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Accumulation or income funds: which is right for your portfolio?

Many people invest to provide much-needed extra income, others are looking purely for growth. Accordingly, income and accumulation funds cater to these different objectives.

| 7 min read

Lots of people look to investments simply to grow their money, accumulating gradually over time. However, income is an important component of returns for many assets. In the UK stock market, for instance, income from dividends has accounted for 71% of total returns over the past 20 years (Source: FE Analytics, data to 10/07/23).

In the US it is much less (at around 27%) as companies have a tendency to spend more of their earnings on buying back their own shares, or investing to expand the business, rather than paying dividends. However, these alternative uses of cash produced by the business can also be seen as forms of income reinvestment.

For bonds – loans to institutions who wish to raise finance – all or most of the return is typically income. In the case of corporate bonds, the borrower is a company, and for gilts it is the UK government. The income represents the interest on those debts. For other investments such as property or infrastructure, the return can predominantly be from income, too.

How can funds spread the risk of investing for income or growth?

Whether you’re investing for income or growth, it is usually possible to invest in these assets directly. Either to buy into an income stream to supplement other income, for instance in retirement, or to reinvest in the same or other investments to benefit from compounding.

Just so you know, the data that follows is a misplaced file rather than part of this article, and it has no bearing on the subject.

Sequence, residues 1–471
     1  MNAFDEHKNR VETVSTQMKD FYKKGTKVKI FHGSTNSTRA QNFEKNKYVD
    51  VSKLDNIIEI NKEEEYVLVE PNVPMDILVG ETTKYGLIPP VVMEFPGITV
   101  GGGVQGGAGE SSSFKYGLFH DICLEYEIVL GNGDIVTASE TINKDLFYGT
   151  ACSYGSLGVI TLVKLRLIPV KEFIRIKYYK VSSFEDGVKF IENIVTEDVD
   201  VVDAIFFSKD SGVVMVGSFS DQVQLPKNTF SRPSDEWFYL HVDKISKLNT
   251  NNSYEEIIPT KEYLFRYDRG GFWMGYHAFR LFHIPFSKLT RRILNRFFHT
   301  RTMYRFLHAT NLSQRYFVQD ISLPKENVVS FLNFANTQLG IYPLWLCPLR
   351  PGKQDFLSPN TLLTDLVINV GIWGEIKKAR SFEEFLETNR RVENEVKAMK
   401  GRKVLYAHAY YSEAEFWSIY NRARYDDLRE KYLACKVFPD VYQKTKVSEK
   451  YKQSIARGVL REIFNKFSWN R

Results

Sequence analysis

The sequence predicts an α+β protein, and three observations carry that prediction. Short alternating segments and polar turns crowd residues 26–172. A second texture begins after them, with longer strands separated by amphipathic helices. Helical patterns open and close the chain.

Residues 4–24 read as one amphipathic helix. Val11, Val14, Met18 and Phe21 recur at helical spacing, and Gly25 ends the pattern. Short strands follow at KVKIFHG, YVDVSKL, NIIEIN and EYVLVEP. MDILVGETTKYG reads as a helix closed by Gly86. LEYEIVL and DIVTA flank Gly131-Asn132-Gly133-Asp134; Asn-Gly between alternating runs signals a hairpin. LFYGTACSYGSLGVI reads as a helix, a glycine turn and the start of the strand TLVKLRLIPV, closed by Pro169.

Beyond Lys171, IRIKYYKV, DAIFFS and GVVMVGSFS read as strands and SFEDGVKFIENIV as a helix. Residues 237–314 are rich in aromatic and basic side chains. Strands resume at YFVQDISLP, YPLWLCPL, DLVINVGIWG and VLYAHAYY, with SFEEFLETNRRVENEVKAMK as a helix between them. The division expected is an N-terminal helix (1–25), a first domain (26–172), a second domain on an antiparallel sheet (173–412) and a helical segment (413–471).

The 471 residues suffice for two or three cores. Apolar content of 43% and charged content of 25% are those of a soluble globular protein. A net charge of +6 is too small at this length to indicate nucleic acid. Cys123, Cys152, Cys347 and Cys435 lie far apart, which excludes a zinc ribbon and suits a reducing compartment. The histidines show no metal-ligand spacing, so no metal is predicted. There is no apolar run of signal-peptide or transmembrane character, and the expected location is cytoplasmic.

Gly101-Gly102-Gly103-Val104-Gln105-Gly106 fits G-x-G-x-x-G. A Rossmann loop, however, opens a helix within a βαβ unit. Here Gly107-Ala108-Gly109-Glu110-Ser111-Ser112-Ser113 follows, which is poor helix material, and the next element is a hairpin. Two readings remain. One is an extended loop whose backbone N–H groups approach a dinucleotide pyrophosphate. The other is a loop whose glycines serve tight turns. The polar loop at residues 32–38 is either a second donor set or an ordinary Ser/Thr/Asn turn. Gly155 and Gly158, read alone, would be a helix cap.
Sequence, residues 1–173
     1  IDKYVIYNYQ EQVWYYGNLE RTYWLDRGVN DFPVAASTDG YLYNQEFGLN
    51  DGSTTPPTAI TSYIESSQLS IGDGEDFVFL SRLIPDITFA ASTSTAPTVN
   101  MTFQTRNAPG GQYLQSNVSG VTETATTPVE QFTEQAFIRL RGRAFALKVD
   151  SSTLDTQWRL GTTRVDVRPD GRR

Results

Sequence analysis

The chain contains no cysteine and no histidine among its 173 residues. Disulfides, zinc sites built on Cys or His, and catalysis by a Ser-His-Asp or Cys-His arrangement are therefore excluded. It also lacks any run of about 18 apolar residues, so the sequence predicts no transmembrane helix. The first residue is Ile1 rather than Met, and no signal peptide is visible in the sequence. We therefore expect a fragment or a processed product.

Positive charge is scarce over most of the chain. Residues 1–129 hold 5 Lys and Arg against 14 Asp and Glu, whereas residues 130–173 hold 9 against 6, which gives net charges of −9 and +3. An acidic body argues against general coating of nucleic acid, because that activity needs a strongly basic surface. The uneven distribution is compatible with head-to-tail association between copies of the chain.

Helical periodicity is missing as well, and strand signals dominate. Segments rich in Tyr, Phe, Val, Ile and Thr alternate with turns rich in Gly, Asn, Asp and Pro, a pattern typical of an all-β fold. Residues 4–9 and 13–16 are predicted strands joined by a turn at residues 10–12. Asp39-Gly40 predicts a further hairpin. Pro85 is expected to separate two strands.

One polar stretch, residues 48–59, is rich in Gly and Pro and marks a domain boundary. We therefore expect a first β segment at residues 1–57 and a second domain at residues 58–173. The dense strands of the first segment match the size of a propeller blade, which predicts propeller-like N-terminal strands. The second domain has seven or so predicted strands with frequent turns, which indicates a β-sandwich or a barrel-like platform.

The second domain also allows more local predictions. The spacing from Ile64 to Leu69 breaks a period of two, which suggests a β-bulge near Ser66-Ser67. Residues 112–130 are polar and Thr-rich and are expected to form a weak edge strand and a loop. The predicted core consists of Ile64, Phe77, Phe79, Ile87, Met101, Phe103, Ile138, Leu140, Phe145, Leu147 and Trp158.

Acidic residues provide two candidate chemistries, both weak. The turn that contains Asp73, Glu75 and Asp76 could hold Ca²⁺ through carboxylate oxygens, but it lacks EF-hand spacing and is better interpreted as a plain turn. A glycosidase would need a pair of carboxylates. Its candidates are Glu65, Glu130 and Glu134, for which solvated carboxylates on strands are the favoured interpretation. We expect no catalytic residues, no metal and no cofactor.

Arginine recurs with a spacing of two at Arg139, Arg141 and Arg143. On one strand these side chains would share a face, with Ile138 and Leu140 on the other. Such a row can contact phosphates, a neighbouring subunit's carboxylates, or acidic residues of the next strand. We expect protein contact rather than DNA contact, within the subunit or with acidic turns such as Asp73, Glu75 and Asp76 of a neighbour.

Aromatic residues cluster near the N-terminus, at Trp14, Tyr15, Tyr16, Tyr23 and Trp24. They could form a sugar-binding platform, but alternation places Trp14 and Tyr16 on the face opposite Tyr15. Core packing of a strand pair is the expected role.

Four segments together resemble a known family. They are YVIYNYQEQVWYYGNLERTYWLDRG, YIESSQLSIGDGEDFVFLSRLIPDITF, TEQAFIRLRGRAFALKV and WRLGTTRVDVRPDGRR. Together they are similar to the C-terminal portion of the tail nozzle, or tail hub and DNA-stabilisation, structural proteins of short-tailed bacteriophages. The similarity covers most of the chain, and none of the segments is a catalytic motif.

Either way, one convenient way to invest is through funds and other ‘collective’ investments. These products spread investment risk across a number of shares or other investments, so you are not too reliant on one or a small number of them. Units in funds such as unit trusts and OEICs are available in two main types: income and accumulation. Income units (abbreviated to ‘inc’) pay out the income so that it can be collected by the investor, whereas accumulation units (abbreviated to ‘acc’) retain any income to boost the unit price. Some funds may carry the abbreviation ‘Dis’ – which standards for ‘distribution’ – instead of Inc – but it amounts to the same thing.

Owners of income or distribution units can reinvest the income in more units if they want to, but the accumulation units offer a more convenient, automatic way of doing this. You will find that certain funds are only available as accumulation units reflecting the fact that they have no particular income objective or that the underlying assets pay little or no income. Often the aim of the fund is evident from the fund name, which may contain ‘growth’ or ‘income’ in the title. You can also look at the yield of the fund (see below) to establish whether it pays income and roughly how much that might be.

If you don’t want to take income then you should generally look to buy accumulation units. Otherwise, you will end up with cash arriving in your account which you’ll have to reinvest yourself. In contrast, if you want to generate income and have it paid to you, you should select income units and set your Charles Stanley account to pay the income to your nominated bank account.